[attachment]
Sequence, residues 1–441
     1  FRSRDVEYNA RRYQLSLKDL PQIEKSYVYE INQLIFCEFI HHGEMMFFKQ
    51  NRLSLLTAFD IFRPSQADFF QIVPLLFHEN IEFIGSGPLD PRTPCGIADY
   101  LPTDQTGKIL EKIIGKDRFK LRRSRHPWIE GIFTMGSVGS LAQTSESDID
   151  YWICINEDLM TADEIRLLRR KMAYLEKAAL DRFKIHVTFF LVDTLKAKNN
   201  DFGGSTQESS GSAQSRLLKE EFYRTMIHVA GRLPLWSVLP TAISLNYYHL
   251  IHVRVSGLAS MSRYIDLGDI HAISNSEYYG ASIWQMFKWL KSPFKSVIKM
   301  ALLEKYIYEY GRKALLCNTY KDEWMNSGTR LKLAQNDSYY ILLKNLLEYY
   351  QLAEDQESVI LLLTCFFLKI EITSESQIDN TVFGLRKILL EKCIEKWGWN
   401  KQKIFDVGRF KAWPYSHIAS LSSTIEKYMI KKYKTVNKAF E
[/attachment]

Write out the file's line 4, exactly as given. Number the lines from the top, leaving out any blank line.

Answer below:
   101  LPTDQTGKIL EKIIGKDRFK LRRSRHPWIE GIFTMGSVGS LAQTSESDID